Google and the University of Chicago Are Sued Over Data Sharing [telecom]

The lawsuit demonstrates the tension between building A.I. systems and protecting the privacy of patients.

By Daisuke Wakabayashi

SAN FRANCISCO - When the University of Chicago Medical Center announced a partnership to share patient data with Google in

2017, the alliance was promoted as a way to unlock information trapped in electronic health records and improve predictive analysis in medicine.

On Wednesday, the University of Chicago, the medical center and Google were sued in a potential class-action lawsuit accusing the hospital of sharing hundreds of thousands of patients' records with the technology giant without stripping identifiable date stamps or doctor's notes.

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***** Moderator's Note *****

On first glance, this isn't related to telecommunications - except it is.

HIPAA has exceptions that facilitate statistical analysis, which is one of the most important tools available to researchers who study environment-sensitive diseases such as cancer. I agree that they need that data, but ISTM that HIPAA is being honoroed more in the breach than in the observance.

Database providers have been relying on a work-around hack called "Tokenization" to meet HIPAA privacy requirments. In theory, it's simple: a name like "Bill Horne" becomes "B243677 H38fr05," and my social security number becomes "987-65-4321," and my date of birth becomes "2204-05-31" - and then the data can't be tied to an individual named "Bill Horne". In theory.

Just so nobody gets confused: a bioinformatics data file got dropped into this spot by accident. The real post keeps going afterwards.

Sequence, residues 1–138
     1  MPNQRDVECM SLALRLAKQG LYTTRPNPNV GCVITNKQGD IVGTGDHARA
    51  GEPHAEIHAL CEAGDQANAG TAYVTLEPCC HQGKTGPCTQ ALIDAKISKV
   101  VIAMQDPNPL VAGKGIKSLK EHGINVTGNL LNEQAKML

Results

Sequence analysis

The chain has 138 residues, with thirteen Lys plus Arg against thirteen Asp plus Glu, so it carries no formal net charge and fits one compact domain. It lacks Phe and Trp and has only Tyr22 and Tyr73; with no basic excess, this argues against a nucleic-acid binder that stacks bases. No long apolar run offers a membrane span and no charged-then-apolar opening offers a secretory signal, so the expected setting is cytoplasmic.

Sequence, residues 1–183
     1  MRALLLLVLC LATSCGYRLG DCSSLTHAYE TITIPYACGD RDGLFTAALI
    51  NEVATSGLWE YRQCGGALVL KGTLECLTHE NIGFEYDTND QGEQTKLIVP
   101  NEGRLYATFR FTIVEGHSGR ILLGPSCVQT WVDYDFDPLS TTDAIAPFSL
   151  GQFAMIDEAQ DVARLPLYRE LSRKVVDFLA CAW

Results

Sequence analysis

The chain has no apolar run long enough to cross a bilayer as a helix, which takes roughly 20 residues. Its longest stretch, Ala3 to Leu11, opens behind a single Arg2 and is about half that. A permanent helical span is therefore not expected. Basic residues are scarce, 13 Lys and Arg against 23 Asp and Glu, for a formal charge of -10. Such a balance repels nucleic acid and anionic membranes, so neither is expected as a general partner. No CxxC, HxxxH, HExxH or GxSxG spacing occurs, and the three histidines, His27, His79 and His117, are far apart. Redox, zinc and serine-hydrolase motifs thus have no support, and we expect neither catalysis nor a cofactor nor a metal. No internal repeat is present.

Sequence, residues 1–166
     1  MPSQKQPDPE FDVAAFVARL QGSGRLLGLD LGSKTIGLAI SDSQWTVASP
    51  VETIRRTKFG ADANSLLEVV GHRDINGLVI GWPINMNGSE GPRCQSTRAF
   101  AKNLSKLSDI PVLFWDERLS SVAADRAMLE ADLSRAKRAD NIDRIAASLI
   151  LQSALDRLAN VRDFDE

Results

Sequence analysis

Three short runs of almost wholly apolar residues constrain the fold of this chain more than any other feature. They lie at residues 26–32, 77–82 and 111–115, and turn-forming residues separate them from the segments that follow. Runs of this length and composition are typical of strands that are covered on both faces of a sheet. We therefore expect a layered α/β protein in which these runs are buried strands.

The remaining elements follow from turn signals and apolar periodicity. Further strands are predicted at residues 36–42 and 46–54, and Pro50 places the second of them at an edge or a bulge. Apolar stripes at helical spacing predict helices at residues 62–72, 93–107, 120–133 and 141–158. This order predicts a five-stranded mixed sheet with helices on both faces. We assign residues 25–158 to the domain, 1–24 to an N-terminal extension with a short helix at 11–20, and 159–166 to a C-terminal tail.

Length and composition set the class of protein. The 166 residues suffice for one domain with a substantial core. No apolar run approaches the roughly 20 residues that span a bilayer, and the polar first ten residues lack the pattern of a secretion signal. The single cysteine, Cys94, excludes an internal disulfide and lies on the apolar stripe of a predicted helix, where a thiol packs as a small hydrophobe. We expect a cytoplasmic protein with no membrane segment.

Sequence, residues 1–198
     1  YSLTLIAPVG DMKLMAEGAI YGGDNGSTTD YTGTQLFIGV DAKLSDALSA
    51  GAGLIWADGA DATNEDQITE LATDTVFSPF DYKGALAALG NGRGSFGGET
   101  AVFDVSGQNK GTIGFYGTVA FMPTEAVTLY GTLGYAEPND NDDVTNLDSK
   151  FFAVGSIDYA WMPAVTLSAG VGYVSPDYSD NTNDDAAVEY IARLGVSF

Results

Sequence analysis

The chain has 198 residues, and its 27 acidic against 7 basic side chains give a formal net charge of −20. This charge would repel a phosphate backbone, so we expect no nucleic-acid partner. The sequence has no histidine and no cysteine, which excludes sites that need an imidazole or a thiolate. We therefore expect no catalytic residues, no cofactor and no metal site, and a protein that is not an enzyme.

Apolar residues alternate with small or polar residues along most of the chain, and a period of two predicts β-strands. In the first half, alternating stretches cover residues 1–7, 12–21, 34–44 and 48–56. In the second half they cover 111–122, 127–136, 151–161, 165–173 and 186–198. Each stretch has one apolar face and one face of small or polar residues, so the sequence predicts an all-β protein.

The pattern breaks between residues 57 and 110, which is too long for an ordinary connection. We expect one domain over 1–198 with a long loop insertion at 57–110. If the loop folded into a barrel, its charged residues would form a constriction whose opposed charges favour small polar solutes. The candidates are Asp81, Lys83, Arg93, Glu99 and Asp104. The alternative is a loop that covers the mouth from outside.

Sad to say, the theory doesn't work when it meets business reality: marketers at the database companies don't want to know that B243677 H38fr05 had cancer: they can't sell that fact. They want to be able to tell their clients - such as HR departments in mid-to-large-sized corporations - that they can enter "Bill Horne" into the web interface of a server located in Sri Lanka or Mexico or Kazakhstan, and find out that B243677 H38fr05 might raise their group health-insurance rates and miss a lot of man-hours.

Of course, there are other customers: the morticians at Forest Yawn, hedge-fund managers looking for hidden toxic-waste dumps, medical-tourism salesdroids pitching offshore medical miracles, car salesmen hawking loan insurance with "no physical required," politicians willing to pretend they care about B243677 H38fr05's health, and touchy-feely worthy causes seeking to be included in Mr. H38fr05's last will and testament. The list goes on and on ...

There's more than one way to skin a regulation, and the "Tokenized" data can be traced back to an individual when combined with other databases - wait for it - such as those available from cellular companies.

If B243677 H38fr05 had a polyp removed from his colon at the Dana Farber Cancer institute on 2268-01-06, and a cellular phone belonging to Bill Horne was at that location on that date, and placed or received calls from a physician who performs colonoscopies at Dana Farber, then the Tokenized data has just become part of token security.

Bill Horne Moderator

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Monty Solomon
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